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Software From Groove Boasts New Features
Increased flexibility, prebuilt templates, and a dashboard are among upgrades
July 9, 2004
2 Min Read
Groove Networks Inc. this week will introduce Groove Virtual Office 3.0, the first version of the company's peer-to-peer collaboration software (formerly known as Workspace) to offer truly contextual collaboration: The software takes collaboration to users, rather than bringing users to the collaboration.
Groove 3.0 users can share files and folders directly from the Windows Explorer desktop file system, rather than having to copy them into Groove first. Users also have more options for setting up alerts that notify them when content in a Groove workspace is changed or simply if another project team member has logged on to a workspace. "The fact that Groove is much more flexible in the way people choose to interact with it will make it much more usable," says Peter O'Kelly, an analyst with research firm Burton Group.
The new version gives IT departments a set of prebuilt templates to develop collaborative apps that focus on particular business processes, as well as the ability to build custom forms that hook into back-end enterprise-resource-planning and customer-relationship-management systems. A new dashboard can manage multiple workspaces, and the management server has been beefed up with audit capabilities.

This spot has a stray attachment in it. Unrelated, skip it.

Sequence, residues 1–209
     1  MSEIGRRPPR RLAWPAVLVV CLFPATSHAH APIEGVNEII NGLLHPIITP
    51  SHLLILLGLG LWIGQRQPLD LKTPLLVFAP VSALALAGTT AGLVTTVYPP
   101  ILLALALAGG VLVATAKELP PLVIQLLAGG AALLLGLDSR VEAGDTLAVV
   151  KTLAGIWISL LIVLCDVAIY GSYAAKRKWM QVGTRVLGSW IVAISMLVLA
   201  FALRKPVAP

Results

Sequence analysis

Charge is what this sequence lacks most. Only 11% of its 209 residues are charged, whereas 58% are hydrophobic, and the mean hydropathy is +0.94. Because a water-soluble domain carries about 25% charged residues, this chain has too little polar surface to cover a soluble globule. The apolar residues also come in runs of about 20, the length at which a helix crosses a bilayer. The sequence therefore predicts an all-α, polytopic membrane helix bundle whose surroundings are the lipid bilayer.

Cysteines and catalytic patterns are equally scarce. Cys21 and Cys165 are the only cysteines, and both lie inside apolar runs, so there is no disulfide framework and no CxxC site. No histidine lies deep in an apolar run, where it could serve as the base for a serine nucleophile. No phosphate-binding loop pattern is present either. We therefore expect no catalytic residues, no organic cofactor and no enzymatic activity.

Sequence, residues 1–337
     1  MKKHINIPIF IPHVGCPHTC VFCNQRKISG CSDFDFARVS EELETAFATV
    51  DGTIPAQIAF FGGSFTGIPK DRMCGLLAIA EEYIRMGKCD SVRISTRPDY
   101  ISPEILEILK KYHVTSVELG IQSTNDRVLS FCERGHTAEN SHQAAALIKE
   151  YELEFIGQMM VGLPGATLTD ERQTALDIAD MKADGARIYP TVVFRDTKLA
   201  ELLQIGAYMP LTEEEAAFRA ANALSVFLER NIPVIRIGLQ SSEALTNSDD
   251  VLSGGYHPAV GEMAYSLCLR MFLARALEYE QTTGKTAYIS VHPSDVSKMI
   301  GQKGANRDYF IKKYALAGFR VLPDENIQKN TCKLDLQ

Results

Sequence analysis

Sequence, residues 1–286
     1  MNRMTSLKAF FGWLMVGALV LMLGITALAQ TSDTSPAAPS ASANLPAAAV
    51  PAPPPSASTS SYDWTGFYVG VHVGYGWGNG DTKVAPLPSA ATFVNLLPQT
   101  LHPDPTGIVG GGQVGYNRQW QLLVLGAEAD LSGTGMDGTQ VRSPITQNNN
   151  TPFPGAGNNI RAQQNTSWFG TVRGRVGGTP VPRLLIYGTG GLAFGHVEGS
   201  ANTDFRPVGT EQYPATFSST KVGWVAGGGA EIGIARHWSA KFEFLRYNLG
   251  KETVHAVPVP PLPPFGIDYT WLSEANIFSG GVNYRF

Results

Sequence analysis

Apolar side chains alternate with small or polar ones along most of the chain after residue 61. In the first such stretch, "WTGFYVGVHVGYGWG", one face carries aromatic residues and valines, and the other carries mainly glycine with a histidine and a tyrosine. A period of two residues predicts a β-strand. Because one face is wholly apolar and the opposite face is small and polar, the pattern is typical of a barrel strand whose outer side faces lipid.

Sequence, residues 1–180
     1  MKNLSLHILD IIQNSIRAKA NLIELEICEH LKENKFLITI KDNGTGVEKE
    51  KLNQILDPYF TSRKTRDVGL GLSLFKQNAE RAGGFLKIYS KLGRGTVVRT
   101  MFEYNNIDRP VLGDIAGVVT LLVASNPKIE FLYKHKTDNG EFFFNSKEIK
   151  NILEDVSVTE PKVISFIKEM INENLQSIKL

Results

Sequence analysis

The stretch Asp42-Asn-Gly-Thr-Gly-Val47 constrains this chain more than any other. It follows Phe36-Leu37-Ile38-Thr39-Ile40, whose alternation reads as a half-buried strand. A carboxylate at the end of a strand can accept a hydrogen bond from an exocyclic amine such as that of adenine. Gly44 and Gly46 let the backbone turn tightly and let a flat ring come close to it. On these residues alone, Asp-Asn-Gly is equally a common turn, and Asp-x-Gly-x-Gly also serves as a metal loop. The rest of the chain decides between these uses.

But the new features take a backseat to what have been Groove's main attractions all along: synchronization and security. The U.S. State Department had security in mind when it decided in May to go with Groove to manage the formation of the U.S. Embassy in Iraq, which opened June 28. The State Department had to take over thousands of contracts formerly managed by the Defense Department; hundreds of people had to be accounted for as they entered and left the temporary facility; and it had to coordinate with three other federal agencies.
"We needed to move a lot of data securely, and there weren't any other products that did what we needed to do," says Glen Johnson, director of the State Department's Iraq transition-management staff. He's seriously considering upgrading to the new version. Says Johnson, "Down the road, we'll take a look at a lot of the new features."
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